Those that we work with use the magic to create new stories and illusions of their own making. The year 1 students were challenged by the idea and I deliberately meant to be provocative. Another idea that also challenged them, was my earlier offering of therapists, counsellors, psychotherapists and psychoanalysts being Judge, Jury and executioners.

Invitation

The loss felt, as I move on from the experience of teaching and learning was, the ideas propagated within the minds of students will be watered by other gardeners now.

The un-mooring invites the idea of finding new ports, trade knowledge acquired on high seas, amongst audiences new. The sense of risk and triumph much like the rise and fall of tidal swells offers, chance to arrive there once again…

Tactical Empathy and Effective Altruism

blue-masque-2.jpg

Flow state thinking

An interesting blending experience happened after I listened to two of my favourite podcastsPhilosophy Bites and Pod Save the World. One was the thought that both ideas appeared similar and could be done to support those who through no fault of their own are facing unsurmountable challenges. The other was is there something here about listening for the solution in a way that supports a peaceful outcome. Tactical Empathy merged with Effective altruism…

A definition of both Tactical Empathy and Affective Altruism follow.

There are plenty of ways to get what you want in a negotiation — kicking and screaming, threats, and bribery among them. But perhaps the most effective strategy is one that’s pretty counterintuitive: Focus on what the other person wants instead – Chris Voss Author of Never Split the Difference.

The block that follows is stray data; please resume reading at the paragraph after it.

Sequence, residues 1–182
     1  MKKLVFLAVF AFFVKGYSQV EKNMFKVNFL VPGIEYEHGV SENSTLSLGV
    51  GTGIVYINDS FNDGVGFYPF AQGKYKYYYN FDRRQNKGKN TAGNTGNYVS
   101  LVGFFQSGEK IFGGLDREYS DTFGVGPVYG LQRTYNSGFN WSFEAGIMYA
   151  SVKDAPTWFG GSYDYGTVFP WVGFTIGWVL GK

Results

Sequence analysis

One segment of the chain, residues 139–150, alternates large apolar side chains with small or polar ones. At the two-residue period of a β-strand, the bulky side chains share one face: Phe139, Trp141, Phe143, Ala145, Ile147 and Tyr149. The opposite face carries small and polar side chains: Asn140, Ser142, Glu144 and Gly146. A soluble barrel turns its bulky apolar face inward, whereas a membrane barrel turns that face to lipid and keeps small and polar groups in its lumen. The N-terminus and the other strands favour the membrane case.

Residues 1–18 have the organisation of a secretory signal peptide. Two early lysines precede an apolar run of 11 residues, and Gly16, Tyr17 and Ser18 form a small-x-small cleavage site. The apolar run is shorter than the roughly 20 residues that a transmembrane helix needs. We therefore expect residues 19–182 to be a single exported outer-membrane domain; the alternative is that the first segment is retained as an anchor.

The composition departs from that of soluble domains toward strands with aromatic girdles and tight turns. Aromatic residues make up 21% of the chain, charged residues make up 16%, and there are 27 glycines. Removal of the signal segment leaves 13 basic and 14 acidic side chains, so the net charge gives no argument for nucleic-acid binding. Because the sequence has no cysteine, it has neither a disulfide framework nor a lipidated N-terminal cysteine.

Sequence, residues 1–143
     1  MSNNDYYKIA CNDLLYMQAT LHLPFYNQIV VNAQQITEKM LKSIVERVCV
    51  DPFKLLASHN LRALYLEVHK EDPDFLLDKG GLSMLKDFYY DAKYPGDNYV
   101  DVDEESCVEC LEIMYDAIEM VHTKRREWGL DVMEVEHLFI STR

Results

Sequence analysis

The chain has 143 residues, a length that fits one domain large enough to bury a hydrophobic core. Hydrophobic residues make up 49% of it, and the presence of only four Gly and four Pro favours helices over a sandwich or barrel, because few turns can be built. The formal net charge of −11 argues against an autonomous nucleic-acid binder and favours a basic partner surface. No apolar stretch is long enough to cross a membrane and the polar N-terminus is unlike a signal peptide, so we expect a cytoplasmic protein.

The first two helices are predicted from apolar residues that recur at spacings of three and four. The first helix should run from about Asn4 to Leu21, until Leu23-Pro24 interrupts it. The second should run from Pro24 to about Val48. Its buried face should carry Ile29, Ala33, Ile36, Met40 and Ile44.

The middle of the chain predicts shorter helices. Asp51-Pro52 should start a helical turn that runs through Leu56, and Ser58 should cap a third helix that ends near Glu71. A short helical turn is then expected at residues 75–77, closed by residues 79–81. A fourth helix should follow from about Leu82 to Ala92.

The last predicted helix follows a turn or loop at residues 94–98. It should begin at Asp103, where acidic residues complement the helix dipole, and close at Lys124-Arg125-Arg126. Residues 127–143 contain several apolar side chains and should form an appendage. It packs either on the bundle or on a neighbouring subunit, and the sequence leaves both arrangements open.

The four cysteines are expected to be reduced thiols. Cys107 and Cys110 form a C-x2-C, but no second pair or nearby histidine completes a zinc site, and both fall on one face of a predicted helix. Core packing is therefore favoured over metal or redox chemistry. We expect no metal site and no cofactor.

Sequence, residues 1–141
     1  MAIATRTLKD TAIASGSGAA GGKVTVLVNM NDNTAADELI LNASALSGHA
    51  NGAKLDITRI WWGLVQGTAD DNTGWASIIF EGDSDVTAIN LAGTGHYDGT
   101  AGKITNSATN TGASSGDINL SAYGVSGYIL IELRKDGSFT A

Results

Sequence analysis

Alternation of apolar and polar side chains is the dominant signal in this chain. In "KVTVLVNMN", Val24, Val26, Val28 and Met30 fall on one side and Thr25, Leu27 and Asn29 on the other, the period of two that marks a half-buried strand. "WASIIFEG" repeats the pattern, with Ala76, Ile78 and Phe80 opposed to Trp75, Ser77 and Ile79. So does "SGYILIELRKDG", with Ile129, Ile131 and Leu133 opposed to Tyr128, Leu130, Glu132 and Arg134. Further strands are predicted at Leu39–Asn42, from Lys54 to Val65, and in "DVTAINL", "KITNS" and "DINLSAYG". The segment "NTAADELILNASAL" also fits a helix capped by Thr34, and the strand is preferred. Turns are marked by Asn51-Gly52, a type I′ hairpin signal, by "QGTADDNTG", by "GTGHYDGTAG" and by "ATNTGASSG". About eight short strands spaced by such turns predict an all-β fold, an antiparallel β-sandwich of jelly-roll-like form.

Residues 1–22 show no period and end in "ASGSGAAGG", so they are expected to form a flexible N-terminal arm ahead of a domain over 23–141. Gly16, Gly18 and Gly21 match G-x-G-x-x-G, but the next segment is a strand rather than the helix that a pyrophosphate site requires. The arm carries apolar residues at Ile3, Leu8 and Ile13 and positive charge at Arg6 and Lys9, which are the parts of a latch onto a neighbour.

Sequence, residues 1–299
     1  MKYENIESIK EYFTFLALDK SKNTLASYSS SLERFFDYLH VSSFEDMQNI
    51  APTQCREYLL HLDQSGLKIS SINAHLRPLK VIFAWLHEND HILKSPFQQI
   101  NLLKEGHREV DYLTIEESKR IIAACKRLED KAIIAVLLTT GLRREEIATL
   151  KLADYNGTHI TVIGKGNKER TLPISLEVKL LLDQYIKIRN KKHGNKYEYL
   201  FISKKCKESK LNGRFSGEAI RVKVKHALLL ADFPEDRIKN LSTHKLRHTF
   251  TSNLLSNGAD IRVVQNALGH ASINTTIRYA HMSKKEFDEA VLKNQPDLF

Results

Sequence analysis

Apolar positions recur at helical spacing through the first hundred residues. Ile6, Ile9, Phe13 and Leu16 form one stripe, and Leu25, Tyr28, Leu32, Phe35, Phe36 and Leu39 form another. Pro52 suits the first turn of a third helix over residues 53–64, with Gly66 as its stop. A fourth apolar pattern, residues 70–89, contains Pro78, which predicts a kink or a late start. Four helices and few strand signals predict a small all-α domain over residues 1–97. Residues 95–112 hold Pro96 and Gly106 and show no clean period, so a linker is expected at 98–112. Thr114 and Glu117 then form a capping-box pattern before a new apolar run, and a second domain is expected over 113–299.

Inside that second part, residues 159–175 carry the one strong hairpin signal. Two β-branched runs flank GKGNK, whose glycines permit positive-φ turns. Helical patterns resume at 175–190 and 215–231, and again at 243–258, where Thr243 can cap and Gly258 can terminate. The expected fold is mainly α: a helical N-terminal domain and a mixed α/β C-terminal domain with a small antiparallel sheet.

Or  “Tactical Empathy” is the ability to share someone else’s feelings while executing a specific plan to achieve a particular goal. LEO Hearted T-shirts

Affective altruism is a philosophy and social movement that uses evidence and reason to determine the most effective ways to benefit others. Effective altruism encourages individuals to consider all causes and actions and to act in the way that brings about the greatest positive impact, based upon their values. Wikepedia

Blending

The first podcast is a 15-20 minute show discussing our responses to those in need with Larry Temkin on Philosophy bites. The second is an incredible story of a reporter Arwa Damon who was under siege in Mosul for 28 hours, her rescuers bravery and her desire to support Syrian refugees.

I had the chance to listen to both podcasts within a few days of each other and arrived at a similar point. Both podcasts discuss: tribalism, humanity, decision making and a desire to better understand choice that affect us the individual and the choices we make/could make that effect humanity.

Choice with Others in Mind

Interestingly the ideas of tactical empathy and effective altruism were discussed by both Larry and Arwa. For Larry there was the experience of appropriately understanding choice and making decisions that ultimately serve the greater good. One could look and feel bad for a period but the delay to look after a larger number of people is the better outcome for the many.

The idea of effective altruism or tactical empathy is a challenge to our sensibilities, compassion, recognition of the plight of fellow humans. There are a number of stories Larry Temkin discusses throughout the podcast that nudge a few uncomfortable ideas towards our awareness. The $5,000 watch and the drowning child was particularly distressing and also informing.

Links to Social Responsibility